Step 3: SEWN & BEADED Version (Face + Hand)

Congratulations! You've chosen to do this the hard way.

First step is to make the hand.
There are two hand pieces and they overlay the face piece. Don’t screw this part up - put the under-layer under the full hand, set it on the face to make sure that the thumb is pointing up, and then set the face aside and start stitching the hand.

Using a matching (ish) thread or a single strand of embroidery floss, make small whipstitches around the edges of the hand to hold the hand and the under-layer together. Then embroider the finger separation using the template as a guide. I used a split stitch and two strands of black embroidery floss.

Now we will attach the hand to the face. This is where the magic happens, where the face and palm meet in glorious facepalm.

The face piece includes the wrist, so match up the face-wrist with the hand-wrist and start whipstitching them together, starting from a spot a litlle above where the under-layer ends. The entire hand is not sewn to the face piece; I usually go from just below the thumb on one side to about where the embroidered fingers start on the other.

You have a facepalm! While your needle is threaded, go ahead and add the hair. I used four small iridescent sequins with clear seed beads. Silver sequins could also work.

Next stop is adding more detail to the face with the black embroidery floss again (2 strands). I’ve provided some guidelines but it’s best to look at your hand placement and figure out where the skin of the forehead would be creased by pressure from the hand, and work from there. Then you can add some definition to the ear, and the chin dimple.

Damn, Jean-Luc.

Step 4: SEWN & BEADED Version (Yoke)

Let's make some sparkle!

Get some black thread on your needle (this can be thread or a single strand of embroidery floss) and get ready to apply the two yoke pieces to the red shirt piece.

This can go very wrong very quickly, so I recommend putting the shirt piece and the face piece together, using the back piece as a guide, and then working out the placement of the yoke pieces. This ensures that you’re not putting anything on upside down or over too far or otherwise making things difficult for yourself and that amazing work you already did.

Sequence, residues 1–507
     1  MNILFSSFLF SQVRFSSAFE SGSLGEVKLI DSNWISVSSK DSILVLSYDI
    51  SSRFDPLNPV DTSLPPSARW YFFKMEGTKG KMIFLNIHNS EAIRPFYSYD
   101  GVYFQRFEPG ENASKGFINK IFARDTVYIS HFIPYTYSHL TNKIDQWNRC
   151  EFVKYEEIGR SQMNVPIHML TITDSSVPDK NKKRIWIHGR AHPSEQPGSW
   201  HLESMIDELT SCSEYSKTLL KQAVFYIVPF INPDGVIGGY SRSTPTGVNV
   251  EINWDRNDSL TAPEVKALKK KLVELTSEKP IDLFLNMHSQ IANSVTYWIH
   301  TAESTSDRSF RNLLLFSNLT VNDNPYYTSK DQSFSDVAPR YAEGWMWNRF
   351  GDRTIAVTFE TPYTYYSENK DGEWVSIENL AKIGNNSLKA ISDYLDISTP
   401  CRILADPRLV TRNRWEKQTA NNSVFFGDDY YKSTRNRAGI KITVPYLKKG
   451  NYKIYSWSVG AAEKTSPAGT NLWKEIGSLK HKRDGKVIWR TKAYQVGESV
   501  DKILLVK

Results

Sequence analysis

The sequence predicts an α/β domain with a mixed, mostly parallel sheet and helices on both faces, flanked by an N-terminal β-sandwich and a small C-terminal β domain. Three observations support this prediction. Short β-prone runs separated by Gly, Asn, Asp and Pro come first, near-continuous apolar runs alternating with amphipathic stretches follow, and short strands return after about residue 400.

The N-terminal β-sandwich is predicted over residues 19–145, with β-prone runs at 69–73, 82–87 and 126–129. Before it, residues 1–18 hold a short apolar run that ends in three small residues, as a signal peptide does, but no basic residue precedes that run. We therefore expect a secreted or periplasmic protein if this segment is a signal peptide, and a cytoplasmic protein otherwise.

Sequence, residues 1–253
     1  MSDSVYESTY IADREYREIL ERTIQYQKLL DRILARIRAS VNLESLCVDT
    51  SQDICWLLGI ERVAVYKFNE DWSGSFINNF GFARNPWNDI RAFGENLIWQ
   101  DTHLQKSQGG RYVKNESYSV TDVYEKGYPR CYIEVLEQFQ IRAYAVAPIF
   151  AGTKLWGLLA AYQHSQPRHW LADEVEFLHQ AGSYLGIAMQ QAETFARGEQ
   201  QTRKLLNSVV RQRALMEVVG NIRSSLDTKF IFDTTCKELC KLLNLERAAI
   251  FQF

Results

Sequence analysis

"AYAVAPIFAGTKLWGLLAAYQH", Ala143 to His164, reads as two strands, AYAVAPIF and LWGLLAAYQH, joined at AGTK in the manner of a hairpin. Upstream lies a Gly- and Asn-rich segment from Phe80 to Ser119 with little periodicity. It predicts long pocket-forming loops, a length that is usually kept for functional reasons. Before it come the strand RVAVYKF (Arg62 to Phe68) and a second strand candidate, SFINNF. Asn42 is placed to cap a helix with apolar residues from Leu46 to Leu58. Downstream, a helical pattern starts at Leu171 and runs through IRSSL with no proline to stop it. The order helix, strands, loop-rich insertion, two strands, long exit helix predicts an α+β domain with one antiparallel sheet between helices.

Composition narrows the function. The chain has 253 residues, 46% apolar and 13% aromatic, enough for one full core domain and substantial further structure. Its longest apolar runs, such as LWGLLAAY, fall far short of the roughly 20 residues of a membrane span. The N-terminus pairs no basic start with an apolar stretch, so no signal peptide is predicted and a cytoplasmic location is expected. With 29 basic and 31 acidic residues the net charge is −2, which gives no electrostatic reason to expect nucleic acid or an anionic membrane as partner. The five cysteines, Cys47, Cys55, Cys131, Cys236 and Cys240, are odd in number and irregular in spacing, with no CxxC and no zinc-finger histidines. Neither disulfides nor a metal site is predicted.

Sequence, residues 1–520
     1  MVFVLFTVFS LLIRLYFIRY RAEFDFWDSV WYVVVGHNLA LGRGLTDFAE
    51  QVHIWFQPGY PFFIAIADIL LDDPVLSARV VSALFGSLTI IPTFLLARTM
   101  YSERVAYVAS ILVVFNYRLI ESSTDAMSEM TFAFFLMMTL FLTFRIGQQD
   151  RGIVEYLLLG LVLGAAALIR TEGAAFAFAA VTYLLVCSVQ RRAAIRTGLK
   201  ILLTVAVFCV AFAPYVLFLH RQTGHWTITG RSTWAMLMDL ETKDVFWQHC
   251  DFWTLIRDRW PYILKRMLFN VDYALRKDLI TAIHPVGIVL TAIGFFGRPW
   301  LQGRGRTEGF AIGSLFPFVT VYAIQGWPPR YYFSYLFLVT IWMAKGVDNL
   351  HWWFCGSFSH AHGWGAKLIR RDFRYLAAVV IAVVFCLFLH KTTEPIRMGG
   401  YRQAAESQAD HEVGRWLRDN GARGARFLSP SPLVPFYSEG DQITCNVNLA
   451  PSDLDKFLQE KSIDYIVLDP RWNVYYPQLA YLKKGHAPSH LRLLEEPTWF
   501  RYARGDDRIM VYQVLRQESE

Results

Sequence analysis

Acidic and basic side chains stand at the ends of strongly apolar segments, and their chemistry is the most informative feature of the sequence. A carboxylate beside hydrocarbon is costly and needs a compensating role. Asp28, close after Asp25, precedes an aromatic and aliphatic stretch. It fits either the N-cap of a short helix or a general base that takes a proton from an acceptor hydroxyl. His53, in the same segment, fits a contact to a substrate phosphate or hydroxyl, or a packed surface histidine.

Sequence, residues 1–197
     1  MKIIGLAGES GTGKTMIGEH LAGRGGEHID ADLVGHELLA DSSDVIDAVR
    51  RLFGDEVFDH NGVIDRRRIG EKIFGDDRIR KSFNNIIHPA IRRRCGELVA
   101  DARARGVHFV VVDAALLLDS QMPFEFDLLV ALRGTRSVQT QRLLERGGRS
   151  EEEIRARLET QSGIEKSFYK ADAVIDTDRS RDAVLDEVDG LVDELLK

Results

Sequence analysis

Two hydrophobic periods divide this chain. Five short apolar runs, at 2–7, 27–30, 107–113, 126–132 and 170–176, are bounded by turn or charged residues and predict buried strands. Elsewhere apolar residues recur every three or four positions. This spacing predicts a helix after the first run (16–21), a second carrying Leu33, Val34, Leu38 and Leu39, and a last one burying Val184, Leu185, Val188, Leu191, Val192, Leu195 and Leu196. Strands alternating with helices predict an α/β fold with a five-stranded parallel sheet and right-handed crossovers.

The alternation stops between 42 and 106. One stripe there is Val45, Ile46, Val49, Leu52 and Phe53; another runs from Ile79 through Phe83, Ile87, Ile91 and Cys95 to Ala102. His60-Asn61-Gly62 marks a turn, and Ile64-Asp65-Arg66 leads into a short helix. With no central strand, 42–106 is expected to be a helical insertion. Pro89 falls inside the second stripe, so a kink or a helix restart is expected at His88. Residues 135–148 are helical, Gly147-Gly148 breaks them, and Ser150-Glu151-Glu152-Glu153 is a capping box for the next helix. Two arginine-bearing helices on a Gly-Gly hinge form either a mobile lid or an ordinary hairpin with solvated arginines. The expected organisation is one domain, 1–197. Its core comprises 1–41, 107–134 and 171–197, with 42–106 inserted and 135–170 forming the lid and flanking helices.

I like to whipstitch the shoulder edges of the yoke and shirt together and then start sewing on sequins. I used small black sequins with matte black seed beads. The clear seed beads can also work here, but I thought they were distracting compared to the matte black.

Sew on sequins along the shoulder, then outline the bottom of the yoke, and fill in any empty areas in the center.


Step 5: SEWN & BEADED Version (Sleeve)

Confirm your sleeve piece placement by test-fitting it with the face/hand in place. Sew the sleeve to the shirt by whipstitching it along the bottom and tack it into place at the top. The sleeve is covered in small red sequins with clear seed beads. Red seed beads would also work. Outline the sleeve with sequins and fill in the center in rows.

Step 6: SEWN & BEADED Version (Assemble)

Start with the black back piece, wrong side up (the ear is on the right, see photo). Fold your hanging loop in half and sew it to the center of the back piece.

Optional: embroider the year 2017 on the back piece, as a kindness to future historians.

Stack the red shirt piece on the back piece, and whipstitch around the bottom and sides with black thread . Put the face/hand in place, butting the wrist up to the sleeve, and continue whipstitching around the outer edge. Tack the face/hand piece down around its edges.


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    2 Discussions


    2 years ago

    this is extremely silly (and awesome!!) lmao XD